Monday, April 15, 2013

Reflections on Boston

Today I came across a beautifully written reflection on Facebook from a woman who ran in the Boston Marathon.  I love so much of what was expressed through her words that I wanted to share with all of you.
Today, I was running the Boston Marathon. I was the cheerful girl zipping through the marathon with a swish of her red polka dotted skirt and a huge smile on her face. I ribbed the army people working the course with my call out, "Air Power." I stopped twice to use the potty and I was but a quarter mile from the end when I heard a loud boom, felt the street shake, and started to smell a smell I never smelled before. All hell broke loose. People were screaming and sprinting away from the finish line. The race immediately ended. For me, a girl who was invited to run to honour her soldier who was taken by another terrorist on 27 April 2011, it threw me back into a spot where I immediately felt out of control, that my life was being torn apart, and I stood immobilised sobbing for again the terrorist sought to take yet another thing that matters in my life.

I find joy in running and I have grabbed my life back by running. It is the singular aspect of my life that allows me to find my faith and to find happiness. I am sitting in total disbelief. How could it be that two potty breaks saved me today? How can it be that as I was running to snub my nose at the terrorist that took Phil, another sought to destroy the hard fought for happiness I have found. It cannot end this way. I am shaking and I am physically ill tonight, but I will pick myself up one faltering step at a time until I can run victorious once again. I cannot let these vile monsters create any more fear in my life. I just can't.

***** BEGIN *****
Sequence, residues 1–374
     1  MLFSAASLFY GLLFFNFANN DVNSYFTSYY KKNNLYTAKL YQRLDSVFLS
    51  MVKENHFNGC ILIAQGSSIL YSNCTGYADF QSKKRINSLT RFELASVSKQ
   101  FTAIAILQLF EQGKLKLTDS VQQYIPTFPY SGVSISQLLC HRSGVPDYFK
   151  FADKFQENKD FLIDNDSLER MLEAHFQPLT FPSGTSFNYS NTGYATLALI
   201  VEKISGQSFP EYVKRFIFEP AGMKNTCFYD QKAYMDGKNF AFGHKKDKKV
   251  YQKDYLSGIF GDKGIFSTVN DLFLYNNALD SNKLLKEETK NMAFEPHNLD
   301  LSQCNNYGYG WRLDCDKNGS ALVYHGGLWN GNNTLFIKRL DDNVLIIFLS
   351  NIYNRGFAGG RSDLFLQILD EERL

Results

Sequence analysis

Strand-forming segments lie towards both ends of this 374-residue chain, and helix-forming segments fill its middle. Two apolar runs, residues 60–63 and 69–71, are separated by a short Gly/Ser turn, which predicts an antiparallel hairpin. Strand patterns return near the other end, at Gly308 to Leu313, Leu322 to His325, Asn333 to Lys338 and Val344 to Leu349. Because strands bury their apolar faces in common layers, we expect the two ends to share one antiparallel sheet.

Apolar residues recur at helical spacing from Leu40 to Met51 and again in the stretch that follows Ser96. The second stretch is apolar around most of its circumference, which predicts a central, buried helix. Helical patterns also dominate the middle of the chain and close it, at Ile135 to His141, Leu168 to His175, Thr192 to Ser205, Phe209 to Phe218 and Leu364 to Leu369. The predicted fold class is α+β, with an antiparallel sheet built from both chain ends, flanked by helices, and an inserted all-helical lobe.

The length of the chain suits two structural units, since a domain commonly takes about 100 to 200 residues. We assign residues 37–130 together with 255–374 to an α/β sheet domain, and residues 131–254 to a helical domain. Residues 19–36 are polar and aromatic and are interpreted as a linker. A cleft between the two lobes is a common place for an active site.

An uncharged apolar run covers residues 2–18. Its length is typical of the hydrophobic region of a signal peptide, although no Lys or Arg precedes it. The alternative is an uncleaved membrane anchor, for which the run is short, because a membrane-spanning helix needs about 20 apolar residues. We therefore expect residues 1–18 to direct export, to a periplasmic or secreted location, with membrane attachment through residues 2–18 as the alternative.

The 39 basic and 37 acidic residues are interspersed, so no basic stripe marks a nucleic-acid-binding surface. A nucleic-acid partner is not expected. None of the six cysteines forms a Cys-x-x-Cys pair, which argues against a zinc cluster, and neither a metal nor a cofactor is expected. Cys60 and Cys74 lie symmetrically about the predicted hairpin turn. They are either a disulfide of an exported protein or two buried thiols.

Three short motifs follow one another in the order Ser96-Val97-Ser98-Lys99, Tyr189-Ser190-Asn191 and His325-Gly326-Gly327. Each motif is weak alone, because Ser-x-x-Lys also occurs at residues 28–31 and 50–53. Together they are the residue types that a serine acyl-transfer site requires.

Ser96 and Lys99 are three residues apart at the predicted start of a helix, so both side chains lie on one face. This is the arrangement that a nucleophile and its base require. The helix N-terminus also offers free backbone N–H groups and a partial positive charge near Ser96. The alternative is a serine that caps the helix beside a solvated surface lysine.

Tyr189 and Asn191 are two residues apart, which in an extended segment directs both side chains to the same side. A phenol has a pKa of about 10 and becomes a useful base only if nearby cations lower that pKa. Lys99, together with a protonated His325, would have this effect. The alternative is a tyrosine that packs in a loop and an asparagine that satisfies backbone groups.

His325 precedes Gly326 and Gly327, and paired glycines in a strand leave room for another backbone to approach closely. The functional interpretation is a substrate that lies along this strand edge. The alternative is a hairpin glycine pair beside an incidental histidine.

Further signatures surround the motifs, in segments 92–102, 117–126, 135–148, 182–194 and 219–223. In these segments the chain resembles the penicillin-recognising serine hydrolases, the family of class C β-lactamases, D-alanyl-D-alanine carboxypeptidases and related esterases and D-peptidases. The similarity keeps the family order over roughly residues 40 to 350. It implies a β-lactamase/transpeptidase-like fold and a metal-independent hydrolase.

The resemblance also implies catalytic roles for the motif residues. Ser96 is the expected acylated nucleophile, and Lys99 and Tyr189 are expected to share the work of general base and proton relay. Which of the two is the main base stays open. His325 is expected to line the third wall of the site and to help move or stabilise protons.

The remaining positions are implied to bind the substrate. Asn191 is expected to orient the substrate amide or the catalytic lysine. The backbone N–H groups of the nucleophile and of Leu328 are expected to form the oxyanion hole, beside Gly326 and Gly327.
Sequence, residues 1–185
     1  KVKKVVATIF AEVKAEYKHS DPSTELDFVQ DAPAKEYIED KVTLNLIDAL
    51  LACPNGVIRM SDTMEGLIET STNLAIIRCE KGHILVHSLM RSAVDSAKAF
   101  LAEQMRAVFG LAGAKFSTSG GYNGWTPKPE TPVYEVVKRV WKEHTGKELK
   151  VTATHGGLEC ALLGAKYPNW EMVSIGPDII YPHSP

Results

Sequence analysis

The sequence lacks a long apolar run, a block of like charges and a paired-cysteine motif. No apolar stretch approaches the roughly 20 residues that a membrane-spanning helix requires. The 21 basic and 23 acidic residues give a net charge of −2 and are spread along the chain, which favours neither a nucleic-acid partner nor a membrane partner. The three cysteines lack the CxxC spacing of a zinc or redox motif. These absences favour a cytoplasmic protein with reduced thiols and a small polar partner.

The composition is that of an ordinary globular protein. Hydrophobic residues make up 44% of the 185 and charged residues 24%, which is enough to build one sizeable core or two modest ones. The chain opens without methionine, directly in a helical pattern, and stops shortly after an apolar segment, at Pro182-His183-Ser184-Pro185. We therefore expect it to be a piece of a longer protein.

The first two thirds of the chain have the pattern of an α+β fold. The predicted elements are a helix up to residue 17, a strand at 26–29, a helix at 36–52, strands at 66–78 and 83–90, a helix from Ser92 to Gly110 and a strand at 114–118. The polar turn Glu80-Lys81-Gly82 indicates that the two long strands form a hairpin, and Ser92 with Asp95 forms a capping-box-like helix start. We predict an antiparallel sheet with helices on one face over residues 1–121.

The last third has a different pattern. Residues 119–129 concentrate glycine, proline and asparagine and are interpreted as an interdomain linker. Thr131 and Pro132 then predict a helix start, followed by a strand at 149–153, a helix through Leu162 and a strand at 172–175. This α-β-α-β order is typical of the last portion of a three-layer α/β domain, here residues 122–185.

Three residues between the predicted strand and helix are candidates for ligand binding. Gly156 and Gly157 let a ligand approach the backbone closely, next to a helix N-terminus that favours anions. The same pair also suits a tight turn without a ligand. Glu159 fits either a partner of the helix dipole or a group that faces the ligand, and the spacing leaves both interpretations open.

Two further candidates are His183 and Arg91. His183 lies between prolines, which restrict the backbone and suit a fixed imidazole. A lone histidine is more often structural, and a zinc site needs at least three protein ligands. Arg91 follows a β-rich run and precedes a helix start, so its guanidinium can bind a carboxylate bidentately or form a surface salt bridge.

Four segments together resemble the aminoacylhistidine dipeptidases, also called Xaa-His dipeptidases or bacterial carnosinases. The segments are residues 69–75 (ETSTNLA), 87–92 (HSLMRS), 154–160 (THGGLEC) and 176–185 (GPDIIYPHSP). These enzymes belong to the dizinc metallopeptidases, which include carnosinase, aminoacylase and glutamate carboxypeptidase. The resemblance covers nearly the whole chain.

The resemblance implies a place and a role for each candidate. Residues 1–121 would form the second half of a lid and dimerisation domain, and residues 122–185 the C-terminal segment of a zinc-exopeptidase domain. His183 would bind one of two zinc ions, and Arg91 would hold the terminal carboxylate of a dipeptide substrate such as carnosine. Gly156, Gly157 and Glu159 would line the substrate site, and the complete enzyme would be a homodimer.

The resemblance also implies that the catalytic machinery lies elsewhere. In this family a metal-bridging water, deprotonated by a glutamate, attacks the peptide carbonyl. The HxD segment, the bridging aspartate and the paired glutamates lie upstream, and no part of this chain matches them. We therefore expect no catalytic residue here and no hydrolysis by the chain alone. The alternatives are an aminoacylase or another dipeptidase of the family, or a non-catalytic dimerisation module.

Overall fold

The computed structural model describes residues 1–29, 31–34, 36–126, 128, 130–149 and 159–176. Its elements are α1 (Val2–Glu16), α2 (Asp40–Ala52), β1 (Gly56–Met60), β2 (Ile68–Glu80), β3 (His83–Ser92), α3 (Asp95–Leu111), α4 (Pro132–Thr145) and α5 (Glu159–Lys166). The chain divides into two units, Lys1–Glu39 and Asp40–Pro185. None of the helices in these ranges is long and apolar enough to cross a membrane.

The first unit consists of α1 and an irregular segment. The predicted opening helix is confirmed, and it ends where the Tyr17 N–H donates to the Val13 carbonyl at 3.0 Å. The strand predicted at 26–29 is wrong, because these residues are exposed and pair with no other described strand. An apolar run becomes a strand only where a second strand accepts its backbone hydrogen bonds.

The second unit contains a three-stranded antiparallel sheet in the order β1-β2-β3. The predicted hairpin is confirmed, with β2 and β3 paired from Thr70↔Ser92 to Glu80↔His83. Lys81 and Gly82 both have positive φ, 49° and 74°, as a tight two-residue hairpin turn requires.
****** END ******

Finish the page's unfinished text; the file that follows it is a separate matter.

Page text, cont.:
There were heroes today. I met a man who was an instructor at my training these past weeks. He brought his family and found me. He got me back to my hotel. A nurse sat with me as I sobbed my eyes out and shook violently in the Dunkin Doughnuts store. So many people called me. My phone did not have reception, yet the singular two phone calls that got through were phone calls from people who came to get me. My children were terrified and that is what hurts. This event brought fear back into my family--fear of loss and fear of violent acts. How can I fix the hurts in my children when I am right there? I ask for prayers and I ask for some time to process this event. I will find the strength that I fall into with my faith. The terrorist will never EVER maim my heart, my spirit, or my drive to live life out loud. Got that?
Written by Linda Leonard Ambard (Source)

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